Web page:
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Affleck Suits Up As Daredevil

At work playing the Marvel Comics hero, Ben Affleck muses about radar sense, acrobatics and competing with Spidey

By MICHAEL TUNISON     May 07, 2002

Marvel's DAREDEVIL, The Man Without Fear
© 2001 Marvel Comics

Call him "The Man With a Reasonable Amount of Fear."

Ben Affleck may be currently spending his days squeezed into the horn-headed crimson costume of Marvel Comics' Daredevil, but the actor is quick to point out he's no superhero in real life particularly when it comes to "The Man With No Fear's" famously acrobatic fighting moves. Affleck may have put in five weeks of gymnastic training to prepare for the role, but he has no illusions about pulling off the bulk of the complex stuntwork in 20th Century Fox's upcoming DAREDEVIL film adaptation.

"They kind of indulge me by letting me do a couple of things," Affleck says, "and then they say, 'Let's bring in the world-class gymnast. We know you worked really hard for five weeks, but ...' And so that's how that goes. What are you gonna do? You let the [stuntman] do it, and it looks good, and you kind of stand there on the side and watch him and go, 'Wow, I can really do triple flips!'"

As for playing DD's alter ego, crusading attorney Matt Murdock, that's a little more up Affleck's alley though he's facing a unique acting challenge in trying to portray the radar-like ability that allows the blind hero to sense objects in a 360-degree radius around him.

"It's hard because is he blind or is he not blind?" Affleck says. "I don't have eyes all around the back of my head, so I have to perform all these tricks. I got them to give me these contact lenses that actually make me blind, but the problem with that is then I really do walk into tables and stuff, which he wouldn't do, because he's a superhero. So it's a challenge and we're working on it."

Talking up DAREDEVIL while doing the press rounds for his upcoming Tom Clancy thriller THE SUM OF ALL FEARS, Affleck says the decision whether or not to play ol' hornhead was never really a decision at all. He was simply too big a fan to turn down the once-in-a-lifetime opportunity.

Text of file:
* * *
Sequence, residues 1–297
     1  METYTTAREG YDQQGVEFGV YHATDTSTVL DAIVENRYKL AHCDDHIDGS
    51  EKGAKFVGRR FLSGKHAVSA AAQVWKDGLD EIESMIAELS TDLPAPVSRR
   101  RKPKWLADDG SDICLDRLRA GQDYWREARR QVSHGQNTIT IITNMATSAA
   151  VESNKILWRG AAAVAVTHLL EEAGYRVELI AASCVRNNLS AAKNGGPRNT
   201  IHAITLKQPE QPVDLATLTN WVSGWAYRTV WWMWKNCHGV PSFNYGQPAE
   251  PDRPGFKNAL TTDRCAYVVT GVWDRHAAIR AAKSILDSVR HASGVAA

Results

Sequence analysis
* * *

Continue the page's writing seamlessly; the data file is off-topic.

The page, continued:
"That was a no-brainer to me because it doesn't really matter what happens," he says. "That was a comic book I loved so much when I was a kid, that if I didn't do it, I'd always just hate myself afterward."

Of course, there are other good reasons to star as a screen superhero, Affleck points out.

"The great thing about movies like this one of the other reasons to do them is that they're really the single thing that can motivate me to get into shape, because otherwise I won't do it," he says. "When people are hounding me, going, 'The studio really wants you to be doing the flips,' I kind of go, 'Yeah, yeah, yeah. Right.' So I go down and work out and try to do the flips."

Set for release in 2003, director Mark Steven Johnson's big-screen DAREDEVIL co-stars ALIAS' Jennifer Garner as the hero's assassin lady love Elektra, Colin Farrell (HART'S WAR) as his archenemy Bullseye, Michael Clarke Duncan (THE SCORPION KING) as the hulking crime boss known as the Kingpin, and Jon Favreau (SWINGERS) as Matt Murdock's law partner and friend, Foggy Nelson.

With SPIDER-MAN's record-breaking opening weekend at the box office seeming to signal that the day of Marvel heroes has arrived at last, it's a safe assumption that the DAREDEVIL team will be under considerable pressure not to drop the billy club, so to speak. Reacting to SPIDER-MAN's amazing commercial success, however, Affleck characteristically makes fun of what it all means to his costumed superhero flick.

"There's no money left!" he cracks. "SPIDER-MAN has all the money!"


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